Tuesday, December 27, 2011

Everything On a Waffle by Polly Horvath

This is an older book and I have read it before. I came back to it because I wanted to compare it to a book I was reviewing for SLJ. It got a lot of attention 10 years ago when it won a Newbery Honor. Polly Horvath's books are a little quirky, but she is good at making memorable characters. Somehow she makes the characters familiar without being stereotypical. In this story Primrose lives happily with her fisherman father and her mother, until one day when both of her parents are lost at sea in a storm. Everyone believes her parents to be dead, accept Primrose who knows deep in her heart they are alive. Primrose goes to live with her bachelor uncle in a new town. There she meets all kinds of interesting characters, including Mrs. Bowzer who is the owner, and cook at a local restaurant. Mrs. Bowzer's no nonsense advise, and yummy recipes (included at the end of each chapter) helps Primrose cope with her quickly changing life. This is a quick and amusing read with a happy ending. (150 p)

Thursday, December 15, 2011

Savvy by Ingrid Law

This book received the Newbery Honor award back in 2009, but somehow I missed it until just this year. Benjamin suggested it might be a good read aloud, so we read it a chapter a night as a family. It was a great chapter a night book, because the chapters are quite short, and we are pretty busy people. In this version of reality, there is a family in which each person has a special Savvy. One of the family can cause electrical activity, while another can capture radio waves in jars. The people of the family "get" their Savvy on their thirteenth birthday, and the main character of the story, Mibs, is excited as her birthday approaches, and wonders what her savvy will be. Then, just two days before her birthday, her father is in a terrible car accident and is in a coma. Mibs and her siblings are left in the care of a neighbor who doesn't know about their special gifts. When Mib's birthday comes, she believes that her gift will help her father, so she stows away on a bible delivery bus to try to get to the city where he is. Most of the book consists of the crazy bus trip with Mibs, her older brother, her younger brother, and two neighbor kids. The bus takes some unexpected detours, the kids meet some interesting people, and learn more about each other and themselves. I can see why this was a Newbery contender. The story is fast and funny, the characterizations are rich and fully developed, and the story contains some thought provoking philosophical questions . (342 p.)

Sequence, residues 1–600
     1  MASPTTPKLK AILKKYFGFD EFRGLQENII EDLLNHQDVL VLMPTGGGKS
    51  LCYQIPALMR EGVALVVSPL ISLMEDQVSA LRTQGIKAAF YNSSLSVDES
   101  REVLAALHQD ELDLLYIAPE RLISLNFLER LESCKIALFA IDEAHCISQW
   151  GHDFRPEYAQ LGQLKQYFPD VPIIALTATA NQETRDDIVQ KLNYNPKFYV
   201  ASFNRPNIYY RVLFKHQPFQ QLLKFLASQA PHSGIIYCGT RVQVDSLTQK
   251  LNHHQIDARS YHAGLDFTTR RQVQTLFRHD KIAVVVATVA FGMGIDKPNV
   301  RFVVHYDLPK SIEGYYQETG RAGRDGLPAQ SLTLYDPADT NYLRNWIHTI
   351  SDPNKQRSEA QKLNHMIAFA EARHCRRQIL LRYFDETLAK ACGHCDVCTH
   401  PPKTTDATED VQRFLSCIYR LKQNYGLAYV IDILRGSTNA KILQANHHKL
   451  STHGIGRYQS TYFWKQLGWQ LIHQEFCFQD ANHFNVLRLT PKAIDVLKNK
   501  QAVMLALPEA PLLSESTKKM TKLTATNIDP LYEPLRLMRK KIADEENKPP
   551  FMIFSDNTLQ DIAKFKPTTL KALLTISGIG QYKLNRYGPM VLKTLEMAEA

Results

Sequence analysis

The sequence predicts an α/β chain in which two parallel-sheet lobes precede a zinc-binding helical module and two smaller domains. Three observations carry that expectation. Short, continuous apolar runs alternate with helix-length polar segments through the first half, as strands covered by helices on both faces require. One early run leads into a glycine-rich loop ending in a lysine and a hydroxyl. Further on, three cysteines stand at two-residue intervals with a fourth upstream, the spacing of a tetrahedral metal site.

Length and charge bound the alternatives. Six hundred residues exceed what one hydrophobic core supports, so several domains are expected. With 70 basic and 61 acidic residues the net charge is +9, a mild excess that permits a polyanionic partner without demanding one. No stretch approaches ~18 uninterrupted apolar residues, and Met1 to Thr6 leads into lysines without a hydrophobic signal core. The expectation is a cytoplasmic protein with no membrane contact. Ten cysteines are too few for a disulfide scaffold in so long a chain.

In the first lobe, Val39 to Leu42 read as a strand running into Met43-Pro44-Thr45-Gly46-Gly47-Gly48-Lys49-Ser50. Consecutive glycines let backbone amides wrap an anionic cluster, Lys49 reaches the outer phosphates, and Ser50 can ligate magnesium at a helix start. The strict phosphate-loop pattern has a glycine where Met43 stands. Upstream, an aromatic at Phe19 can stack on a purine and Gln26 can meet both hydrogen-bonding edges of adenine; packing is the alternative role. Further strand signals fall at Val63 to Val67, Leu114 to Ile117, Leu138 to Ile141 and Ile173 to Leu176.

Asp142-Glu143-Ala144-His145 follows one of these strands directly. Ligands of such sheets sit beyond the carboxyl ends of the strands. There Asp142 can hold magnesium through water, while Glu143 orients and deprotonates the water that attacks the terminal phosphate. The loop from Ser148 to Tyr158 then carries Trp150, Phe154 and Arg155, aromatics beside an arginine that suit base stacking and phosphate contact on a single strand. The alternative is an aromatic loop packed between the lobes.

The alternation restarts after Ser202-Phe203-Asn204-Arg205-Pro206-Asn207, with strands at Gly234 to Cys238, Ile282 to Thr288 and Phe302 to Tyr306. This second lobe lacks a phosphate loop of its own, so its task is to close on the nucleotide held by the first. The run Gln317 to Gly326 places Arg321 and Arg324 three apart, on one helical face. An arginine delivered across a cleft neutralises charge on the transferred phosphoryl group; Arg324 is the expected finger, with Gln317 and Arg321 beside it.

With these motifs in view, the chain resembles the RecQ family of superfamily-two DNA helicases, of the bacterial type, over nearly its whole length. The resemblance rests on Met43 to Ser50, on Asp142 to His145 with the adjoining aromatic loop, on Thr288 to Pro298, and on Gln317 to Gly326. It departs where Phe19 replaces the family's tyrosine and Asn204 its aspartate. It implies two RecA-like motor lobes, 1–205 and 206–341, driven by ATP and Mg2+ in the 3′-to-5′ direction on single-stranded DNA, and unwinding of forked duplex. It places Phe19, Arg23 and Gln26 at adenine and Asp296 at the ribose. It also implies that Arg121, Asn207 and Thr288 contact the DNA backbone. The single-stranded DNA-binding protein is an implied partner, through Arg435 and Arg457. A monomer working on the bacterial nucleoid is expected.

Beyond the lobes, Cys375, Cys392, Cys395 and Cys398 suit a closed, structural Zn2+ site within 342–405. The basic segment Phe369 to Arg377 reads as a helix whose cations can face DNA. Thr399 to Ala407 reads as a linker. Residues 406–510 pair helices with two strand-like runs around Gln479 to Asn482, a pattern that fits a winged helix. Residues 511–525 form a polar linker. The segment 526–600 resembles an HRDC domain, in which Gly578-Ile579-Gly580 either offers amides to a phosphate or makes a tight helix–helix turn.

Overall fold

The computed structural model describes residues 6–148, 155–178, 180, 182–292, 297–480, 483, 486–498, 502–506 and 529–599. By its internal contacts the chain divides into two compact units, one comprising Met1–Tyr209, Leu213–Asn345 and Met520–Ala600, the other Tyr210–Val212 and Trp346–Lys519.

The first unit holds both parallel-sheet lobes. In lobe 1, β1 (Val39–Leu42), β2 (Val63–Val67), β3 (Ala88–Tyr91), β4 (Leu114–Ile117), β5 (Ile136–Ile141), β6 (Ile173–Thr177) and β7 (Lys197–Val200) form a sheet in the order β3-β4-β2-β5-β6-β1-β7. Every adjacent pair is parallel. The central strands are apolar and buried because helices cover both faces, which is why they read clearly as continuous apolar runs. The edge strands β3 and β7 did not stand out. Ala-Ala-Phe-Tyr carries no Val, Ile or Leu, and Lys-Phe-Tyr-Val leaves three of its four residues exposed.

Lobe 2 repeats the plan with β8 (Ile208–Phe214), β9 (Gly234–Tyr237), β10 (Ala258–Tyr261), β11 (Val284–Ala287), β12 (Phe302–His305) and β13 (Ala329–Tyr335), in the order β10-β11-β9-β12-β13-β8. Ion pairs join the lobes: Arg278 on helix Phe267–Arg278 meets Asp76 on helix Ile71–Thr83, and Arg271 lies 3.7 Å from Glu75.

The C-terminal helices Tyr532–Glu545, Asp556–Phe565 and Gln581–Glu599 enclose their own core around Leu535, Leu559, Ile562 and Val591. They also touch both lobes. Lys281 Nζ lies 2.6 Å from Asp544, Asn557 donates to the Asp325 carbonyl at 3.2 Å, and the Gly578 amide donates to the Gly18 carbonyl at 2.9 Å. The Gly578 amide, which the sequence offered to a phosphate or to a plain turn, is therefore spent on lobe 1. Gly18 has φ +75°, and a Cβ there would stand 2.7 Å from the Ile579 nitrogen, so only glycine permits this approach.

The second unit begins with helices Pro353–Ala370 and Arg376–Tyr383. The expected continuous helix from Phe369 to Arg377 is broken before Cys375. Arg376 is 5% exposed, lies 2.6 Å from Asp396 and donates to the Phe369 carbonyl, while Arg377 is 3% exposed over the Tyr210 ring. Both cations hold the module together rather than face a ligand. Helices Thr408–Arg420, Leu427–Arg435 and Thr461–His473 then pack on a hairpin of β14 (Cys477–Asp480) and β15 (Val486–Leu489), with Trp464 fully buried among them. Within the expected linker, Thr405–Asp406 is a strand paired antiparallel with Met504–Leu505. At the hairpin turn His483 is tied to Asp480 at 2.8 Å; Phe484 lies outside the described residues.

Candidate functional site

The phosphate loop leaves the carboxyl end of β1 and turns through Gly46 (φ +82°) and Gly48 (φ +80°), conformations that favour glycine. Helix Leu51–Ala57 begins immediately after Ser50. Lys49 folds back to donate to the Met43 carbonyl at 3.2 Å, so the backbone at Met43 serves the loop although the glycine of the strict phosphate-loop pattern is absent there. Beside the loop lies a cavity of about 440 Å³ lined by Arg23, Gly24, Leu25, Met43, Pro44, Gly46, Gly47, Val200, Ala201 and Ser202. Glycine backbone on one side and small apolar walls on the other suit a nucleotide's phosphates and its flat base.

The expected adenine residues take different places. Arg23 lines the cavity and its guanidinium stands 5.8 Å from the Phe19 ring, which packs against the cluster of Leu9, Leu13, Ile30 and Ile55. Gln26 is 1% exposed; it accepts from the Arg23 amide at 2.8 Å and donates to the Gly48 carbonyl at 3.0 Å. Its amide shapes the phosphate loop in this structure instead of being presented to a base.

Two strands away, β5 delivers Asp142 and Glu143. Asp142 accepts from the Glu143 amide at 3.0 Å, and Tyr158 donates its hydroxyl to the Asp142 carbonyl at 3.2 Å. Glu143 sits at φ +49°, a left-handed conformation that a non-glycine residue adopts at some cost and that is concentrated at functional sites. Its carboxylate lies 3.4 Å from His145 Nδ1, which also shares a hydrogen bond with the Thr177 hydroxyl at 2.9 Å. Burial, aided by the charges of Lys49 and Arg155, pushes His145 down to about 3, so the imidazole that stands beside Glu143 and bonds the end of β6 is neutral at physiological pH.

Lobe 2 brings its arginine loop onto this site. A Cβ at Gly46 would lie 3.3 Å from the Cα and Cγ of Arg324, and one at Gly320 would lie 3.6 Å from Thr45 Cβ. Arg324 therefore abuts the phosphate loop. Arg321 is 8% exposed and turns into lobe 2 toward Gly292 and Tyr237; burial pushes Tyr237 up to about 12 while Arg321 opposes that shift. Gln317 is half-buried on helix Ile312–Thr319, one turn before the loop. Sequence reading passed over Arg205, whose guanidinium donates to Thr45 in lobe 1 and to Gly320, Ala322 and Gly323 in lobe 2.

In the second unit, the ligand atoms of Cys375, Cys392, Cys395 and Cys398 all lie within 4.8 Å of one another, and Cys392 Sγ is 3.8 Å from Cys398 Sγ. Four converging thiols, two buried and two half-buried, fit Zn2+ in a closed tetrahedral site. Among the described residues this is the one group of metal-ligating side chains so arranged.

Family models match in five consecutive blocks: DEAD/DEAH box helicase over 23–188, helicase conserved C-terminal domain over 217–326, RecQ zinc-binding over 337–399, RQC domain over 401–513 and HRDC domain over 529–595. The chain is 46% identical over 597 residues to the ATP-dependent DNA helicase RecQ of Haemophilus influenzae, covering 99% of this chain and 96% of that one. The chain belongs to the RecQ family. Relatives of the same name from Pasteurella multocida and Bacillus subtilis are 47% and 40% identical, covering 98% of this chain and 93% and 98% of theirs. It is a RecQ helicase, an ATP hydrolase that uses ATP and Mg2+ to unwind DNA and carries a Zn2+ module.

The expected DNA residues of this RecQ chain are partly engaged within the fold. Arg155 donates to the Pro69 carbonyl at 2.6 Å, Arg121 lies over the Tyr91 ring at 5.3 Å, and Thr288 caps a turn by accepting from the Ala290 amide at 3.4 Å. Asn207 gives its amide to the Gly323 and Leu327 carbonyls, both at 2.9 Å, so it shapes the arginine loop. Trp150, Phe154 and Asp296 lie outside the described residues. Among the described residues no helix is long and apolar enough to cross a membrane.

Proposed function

Brixton Brothers: Ghost Writer Secret by Mac Barnett

I enjoyed the first Brixton Brothers novel so much, I checked out the second one. In this book, Steve has become famous because of his first case. As a result an eccentric millionaire asks him to guard a precious diamond. Then he receives a letter from the writer of his favorite detective series saying he is in trouble and needs Steve's help. Along with his "Chum" Dana, they have to try to find the kidnapped author, keep the diamond away from the "B"syndicate all while trying to hide the fact that they are ditching school from their parents. This book turned out to be just as much fun as the first. It has some fun chase scenes, and unexpected plot turns. Once again, the author is totally making fun of the Hardy Boys every chance he gets. (226 p.)